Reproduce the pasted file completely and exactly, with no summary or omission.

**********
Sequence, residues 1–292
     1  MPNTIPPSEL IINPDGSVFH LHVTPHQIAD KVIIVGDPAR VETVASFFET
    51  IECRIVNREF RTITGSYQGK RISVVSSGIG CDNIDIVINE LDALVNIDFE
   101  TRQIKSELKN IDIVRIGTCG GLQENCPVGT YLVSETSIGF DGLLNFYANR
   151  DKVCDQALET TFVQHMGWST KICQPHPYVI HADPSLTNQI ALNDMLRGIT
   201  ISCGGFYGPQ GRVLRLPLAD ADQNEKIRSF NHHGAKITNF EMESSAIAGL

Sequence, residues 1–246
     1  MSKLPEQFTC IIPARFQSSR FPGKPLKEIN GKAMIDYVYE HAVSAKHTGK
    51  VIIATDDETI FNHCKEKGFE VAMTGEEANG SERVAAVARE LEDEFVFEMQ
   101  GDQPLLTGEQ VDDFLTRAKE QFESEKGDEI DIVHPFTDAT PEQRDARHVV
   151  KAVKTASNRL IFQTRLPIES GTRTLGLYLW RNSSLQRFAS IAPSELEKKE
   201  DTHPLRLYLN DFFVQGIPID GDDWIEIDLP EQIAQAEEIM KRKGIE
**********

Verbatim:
Sequence, residues 1–292
     1  MPNTIPPSEL IINPDGSVFH LHVTPHQIAD KVIIVGDPAR VETVASFFET
    51  IECRIVNREF RTITGSYQGK RISVVSSGIG CDNIDIVINE LDALVNIDFE
   101  TRQIKSELKN IDIVRIGTCG GLQENCPVGT YLVSETSIGF DGLLNFYANR
   151  DKVCDQALET TFVQHMGWST KICQPHPYVI HADPSLTNQI ALNDMLRGIT
   201  ISCGGFYGPQ GRVLRLPLAD ADQNEKIRSF NHHGAKITNF EMESSAIAGL

Sequence, residues 1–246
     1  MSKLPEQFTC IIPARFQSSR FPGKPLKEIN GKAMIDYVYE HAVSAKHTGK
    51  VIIATDDETI FNHCKEKGFE VAMTGEEANG SERVAAVARE LEDEFVFEMQ
   101  GDQPLLTGEQ VDDFLTRAKE QFESEKGDEI DIVHPFTDAT PEQRDARHVV
   151  KAVKTASNRL IFQTRLPIES GTRTLGLYLW RNSSLQRFAS IAPSELEKKE
   201  DTHPLRLYLN DFFVQGIPID GDDWIEIDLP EQIAQAEEIM KRKGIE